Q: The 2-year assessments might reduce some of the immediate stakes for physicians in that it’s not a one-time fail, but still, you have to pass the same amount of content and do well in the end, and you still need MOC Part 2 points to maintain your certification. How are you thinking about MOC now that you’ve taken a Knowledge Check-In — does it change your approach to MOC?
A: Continual assessments mean continual preparation — and that is an entirely new method of study that does not match past methods of “intensive review courses.” I am still very much in the process of adapting.
Even in its current form, the KCI serves as an imperfect snapshot that I (A) had enough breadth & depth of knowledge (because I passed) and (B) gave me a few more focus areas in its content feedback.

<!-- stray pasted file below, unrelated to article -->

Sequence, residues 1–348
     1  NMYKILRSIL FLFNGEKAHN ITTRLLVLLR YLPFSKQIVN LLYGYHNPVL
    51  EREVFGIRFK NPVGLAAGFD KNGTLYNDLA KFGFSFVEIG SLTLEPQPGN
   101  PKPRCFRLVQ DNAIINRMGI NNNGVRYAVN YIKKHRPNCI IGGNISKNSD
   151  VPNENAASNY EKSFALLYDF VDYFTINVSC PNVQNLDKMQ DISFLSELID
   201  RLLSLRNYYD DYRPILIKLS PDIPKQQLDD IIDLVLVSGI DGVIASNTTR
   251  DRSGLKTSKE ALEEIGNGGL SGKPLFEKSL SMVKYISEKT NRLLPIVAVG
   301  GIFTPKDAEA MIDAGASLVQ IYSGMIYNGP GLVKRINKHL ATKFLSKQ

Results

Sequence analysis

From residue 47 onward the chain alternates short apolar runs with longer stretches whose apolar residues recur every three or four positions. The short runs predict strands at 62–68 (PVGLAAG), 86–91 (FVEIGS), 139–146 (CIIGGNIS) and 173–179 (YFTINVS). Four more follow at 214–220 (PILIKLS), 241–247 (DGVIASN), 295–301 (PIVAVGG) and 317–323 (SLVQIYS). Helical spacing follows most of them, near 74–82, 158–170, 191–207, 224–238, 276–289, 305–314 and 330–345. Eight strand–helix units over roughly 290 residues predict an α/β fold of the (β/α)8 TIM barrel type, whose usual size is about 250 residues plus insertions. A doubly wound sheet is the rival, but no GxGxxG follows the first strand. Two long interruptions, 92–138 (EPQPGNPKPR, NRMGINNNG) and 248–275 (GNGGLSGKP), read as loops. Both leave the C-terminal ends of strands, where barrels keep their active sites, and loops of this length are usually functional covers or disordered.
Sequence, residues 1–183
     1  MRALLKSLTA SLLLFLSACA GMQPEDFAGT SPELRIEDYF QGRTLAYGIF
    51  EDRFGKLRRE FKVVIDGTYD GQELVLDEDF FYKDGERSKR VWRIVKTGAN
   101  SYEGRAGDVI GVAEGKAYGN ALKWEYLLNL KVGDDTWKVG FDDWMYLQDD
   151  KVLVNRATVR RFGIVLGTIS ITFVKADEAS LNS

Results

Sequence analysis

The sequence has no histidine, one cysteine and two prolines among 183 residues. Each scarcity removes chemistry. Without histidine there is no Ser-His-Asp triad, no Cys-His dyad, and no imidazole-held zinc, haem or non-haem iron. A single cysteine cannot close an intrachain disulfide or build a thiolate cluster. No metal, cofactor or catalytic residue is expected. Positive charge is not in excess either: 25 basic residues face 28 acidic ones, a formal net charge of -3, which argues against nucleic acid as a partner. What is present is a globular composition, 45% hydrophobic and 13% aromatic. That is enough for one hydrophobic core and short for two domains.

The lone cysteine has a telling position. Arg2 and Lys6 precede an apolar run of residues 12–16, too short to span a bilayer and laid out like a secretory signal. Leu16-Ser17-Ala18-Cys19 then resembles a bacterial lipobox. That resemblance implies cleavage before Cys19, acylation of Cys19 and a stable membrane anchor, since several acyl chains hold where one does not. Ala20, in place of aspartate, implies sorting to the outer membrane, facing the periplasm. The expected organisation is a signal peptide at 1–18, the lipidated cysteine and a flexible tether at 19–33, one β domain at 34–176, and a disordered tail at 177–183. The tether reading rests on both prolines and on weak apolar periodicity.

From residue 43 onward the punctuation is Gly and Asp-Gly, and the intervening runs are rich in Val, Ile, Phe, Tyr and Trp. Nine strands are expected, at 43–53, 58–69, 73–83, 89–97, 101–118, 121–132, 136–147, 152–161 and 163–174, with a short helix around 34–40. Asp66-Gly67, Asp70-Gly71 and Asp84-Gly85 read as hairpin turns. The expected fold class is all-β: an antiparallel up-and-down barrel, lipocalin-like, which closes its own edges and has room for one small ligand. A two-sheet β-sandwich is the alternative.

Q: What are the consequences of doing poorly on the ABIM Knowledge Check-In, and were you worried about taking it again in 2 years?
A: The Check-In bills itself as lower stakes — a single failure does not result in loss of certification and physicians can try again in the next 2-year offering as long as their certification does not run out before then. However, the shorter 3-hour exam covers the entire ABIM blueprint.
I had been focused on the pediatrics side of our practice the last few years, so I knew I needed much more preparation to update and refresh my internal medicine fund of knowledge.
Q: Can you talk about the access to UpToDate? How did that change your experience of taking an “exam”?